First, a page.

Hong Kong Int'l Airport
As one of the most important hubs for
international passenger and cargo flow, Hong Kong
International Airport (HKIA) is a great asset
to Hong Kong. The success in keeping the flow
fluent and reliable and in providing a high-quality
service to airport customers has won the airport
many prestigious awards.
latest accolades HKIA has received include the
Best Airport Worldwide as chosen by both business
and leisure travellers, according to the results
of the authoritative AETRA survey announced in
March 2005. HKIA has received the prestigious
'Airport of the Year 2005' title awarded by SkyTrax
for the fifth consecutive year. These and other
accolades reinforce Hong Kong's official branding
as 'a dynamic physical and cultural hub with world-class
As the world's fifth busiest international passenger airport and most active worldwide air cargo operation, HKIA sees an average of more than 650 aircraft take off and land every day. Near 60 scheduled passenger carriers and 15 all-cargo operators link Hong Kong with more than 140 locations round the world.
An extensive air network and Hong Kong's strategic location positions HKIA as Asia's 'Superhub' and a gateway of China. With regular flights to about 40 destinations in mainland China, HKIA becomes the airport of choice for international travellers to and from the Mainland while meeting the ever-growing travel and cargo needs of the rapidly-expanding Pearl River Delta (PRD) region.
Special facilities and processes make HKIA easily accessible to the PRD's population of 48 million, as well as to the fledgling air travel market offered by the mainland in general. Creating fast, hassle-free surface connectivity between the PRD and HKIA is an ongoing priority for the airport, which has co-operated with transport providers locally and across the border to establish user-friendly land and sea links.
The SkyPier service in particular enables passengers from the PRD to journey to HKIA by high-speed cross-boundary ferries. Travellers arriving SkyPier then proceed to the passenger terminal by bonded buses for their flights without having to go through immigration and customs formalities. This has cut travel times from some PRD ports by half.
In addition to cross-boundary ferry service, some 200 coach trips are made every day by five bus companies to link HKIA with 40 towns and cities in the PRD. Calling at smaller towns to optimise each route, the coaches - which pass through border immigration and customs checks - carried a total of 1.2 million passengers in 2004.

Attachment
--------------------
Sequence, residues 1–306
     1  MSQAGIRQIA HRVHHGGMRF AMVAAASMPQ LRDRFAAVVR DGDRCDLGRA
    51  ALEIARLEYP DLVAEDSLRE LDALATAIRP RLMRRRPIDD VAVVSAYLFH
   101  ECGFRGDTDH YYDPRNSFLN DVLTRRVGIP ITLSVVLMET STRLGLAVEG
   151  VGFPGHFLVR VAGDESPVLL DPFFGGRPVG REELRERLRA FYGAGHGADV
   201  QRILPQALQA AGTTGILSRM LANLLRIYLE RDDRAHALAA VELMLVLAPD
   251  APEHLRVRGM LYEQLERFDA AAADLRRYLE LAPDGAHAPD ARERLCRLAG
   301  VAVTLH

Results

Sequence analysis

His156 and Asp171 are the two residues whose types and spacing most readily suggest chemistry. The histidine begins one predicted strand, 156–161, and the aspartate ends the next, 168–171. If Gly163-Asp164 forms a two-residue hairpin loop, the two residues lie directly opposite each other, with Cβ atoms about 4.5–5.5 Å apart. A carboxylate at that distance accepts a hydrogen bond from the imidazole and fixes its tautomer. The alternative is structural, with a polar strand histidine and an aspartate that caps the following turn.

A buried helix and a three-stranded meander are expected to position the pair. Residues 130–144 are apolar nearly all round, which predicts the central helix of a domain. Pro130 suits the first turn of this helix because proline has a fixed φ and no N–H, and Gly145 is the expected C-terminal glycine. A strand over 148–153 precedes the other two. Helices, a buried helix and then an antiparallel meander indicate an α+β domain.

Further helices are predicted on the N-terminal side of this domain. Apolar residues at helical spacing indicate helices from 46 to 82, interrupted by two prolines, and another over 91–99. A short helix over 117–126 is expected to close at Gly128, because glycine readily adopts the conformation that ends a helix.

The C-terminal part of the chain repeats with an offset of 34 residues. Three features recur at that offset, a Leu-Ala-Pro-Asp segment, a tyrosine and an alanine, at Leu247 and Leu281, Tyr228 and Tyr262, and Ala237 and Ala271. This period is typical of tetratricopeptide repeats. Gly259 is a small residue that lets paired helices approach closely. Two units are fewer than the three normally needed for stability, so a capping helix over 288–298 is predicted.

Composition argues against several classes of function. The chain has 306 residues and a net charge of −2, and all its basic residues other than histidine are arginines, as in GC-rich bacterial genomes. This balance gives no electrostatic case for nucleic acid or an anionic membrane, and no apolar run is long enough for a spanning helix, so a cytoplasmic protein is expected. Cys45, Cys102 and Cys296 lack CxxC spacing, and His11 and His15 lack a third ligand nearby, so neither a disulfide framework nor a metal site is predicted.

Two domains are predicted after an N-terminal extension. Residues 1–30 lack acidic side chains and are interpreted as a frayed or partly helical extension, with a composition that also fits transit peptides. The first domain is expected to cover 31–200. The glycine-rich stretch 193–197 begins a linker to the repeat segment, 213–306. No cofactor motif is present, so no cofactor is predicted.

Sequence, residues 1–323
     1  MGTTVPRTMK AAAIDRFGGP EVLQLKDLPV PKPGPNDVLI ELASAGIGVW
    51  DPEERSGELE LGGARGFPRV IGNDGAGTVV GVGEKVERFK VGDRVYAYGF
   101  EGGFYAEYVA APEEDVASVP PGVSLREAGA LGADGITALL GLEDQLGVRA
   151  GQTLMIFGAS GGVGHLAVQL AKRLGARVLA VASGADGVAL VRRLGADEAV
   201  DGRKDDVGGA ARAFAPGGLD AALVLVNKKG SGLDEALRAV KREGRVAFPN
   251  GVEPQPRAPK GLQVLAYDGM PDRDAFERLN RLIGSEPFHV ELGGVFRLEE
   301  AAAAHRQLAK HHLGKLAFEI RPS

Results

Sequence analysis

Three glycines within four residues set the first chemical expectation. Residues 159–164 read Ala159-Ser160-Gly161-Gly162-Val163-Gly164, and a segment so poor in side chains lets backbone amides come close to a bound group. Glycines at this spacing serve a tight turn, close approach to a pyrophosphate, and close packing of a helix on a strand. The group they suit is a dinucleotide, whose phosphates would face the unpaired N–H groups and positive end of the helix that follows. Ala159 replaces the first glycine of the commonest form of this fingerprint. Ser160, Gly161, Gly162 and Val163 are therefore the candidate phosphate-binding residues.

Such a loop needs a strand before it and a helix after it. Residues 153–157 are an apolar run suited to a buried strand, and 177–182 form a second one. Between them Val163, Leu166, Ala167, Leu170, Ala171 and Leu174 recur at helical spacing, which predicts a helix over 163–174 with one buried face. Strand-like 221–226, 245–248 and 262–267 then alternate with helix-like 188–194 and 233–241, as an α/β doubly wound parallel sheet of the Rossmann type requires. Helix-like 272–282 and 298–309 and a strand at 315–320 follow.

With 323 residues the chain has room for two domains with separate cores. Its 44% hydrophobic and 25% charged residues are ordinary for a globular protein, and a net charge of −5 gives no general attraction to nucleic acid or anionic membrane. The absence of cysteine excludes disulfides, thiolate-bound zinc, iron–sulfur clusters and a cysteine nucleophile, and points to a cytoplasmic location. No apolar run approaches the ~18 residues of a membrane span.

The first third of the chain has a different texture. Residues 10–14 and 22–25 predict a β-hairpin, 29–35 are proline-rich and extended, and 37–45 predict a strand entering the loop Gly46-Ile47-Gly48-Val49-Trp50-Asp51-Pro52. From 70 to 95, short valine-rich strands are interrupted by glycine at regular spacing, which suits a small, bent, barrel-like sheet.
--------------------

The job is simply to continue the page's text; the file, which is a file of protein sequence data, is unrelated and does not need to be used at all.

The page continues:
Cargo throughput for 2004 topped 3.1 million tonnes, continuing on the growth curve with a 25.2 per cent increase over 2002, and a 17.4 per cent increase as compared to 2003. Planning is under way to ensure HKIA is well equipped to meet demand into the future.
As a contributor to Hong Kong's prosperity, HKIA is much more than a launch-pad for international travel - a diverse range of enterprises employing 50,000 people has transformed the airport into a 'mini-economy' in its own right. Prime examples of major companies based at the airport include the two Hong Kong home-carriers Cathay Pacific Airways and Dragonair (Hong Kong Dragon Airlines Limited).
HKIA is also home to a number of aviation logistics companies such as cargo operators Asia Airfreight Terminal (AAT) and Hong Kong Air Cargo Terminals Limited (HACTL) plus express freight carrier DHL - all of which have been expanding their operations at HKIA. Other related industries at HKIA include cleaning contractors, aircraft maintenance companies, catering firms and ramp-handling operators, as well as the huge retail presence in the passenger terminal.
Over 37 million passengers passed through the airport in 2004, helping HKIA's SkyMart to flourish into a shoppers' paradise with 160 outlets and 40 eateries over more than 39,000 square metres. In fact, HKIA was named 'Best Airport - Dining Facilities' by the Skytrax international survey, which awarded the overall 'Airport of the Year 2004' title after polling five-million international air travellers.
A great deal of effort and attention to customer feedback has gone into making sure the 'HKIA experience' is increasingly pleasant, easy, safe and efficient. For example, continuous improvement measures mean 90% of passengers now wait less than 15 minutes at check-in areas, the last bags arrives in the reclaim hall within 40 minutes.
The passenger terminal has been designed to provide calm, clarity and convenience and offers a wide range of useful and relaxing facilities including rest lounges, a proliferation of TV screens carrying news and entertainment, free and pay-Internet lounges and a children's play area. In addition, travellers with Wi-Fi enabled laptops can enjoy high-speed Internet access almost anywhere airside without wires and phone-sockets. The airport terminal is also well designed to accommodate the Airbus 380, the world's largest commercial plane, due to begin test flights in 2005. HKIA also maintains some of the world's highest standards in security and safety, which is quintessential to provide a peace of mind for passengers passing through the airport.
Looking to the future development of the airport, the construction of SkyPlaza next to the present passenger terminal will serve as a focal point for HKIA's air, sea and surface traffic flows. The SkyPlaza is part of the larger development called SkyCity which will also include the AsiaWorld-Expo exhibition centre, the second hotel project, a 9-hole golf course as well as the permanent cross-boundary ferry terminal.
With management focused on the core values of safety, security, operational efficiency and service excellence - and with 10 key expansion projects already planned for implementation - the scene is set for growth and an even greater strategic role in the region's future for HKIA, the pride of Hong Kong.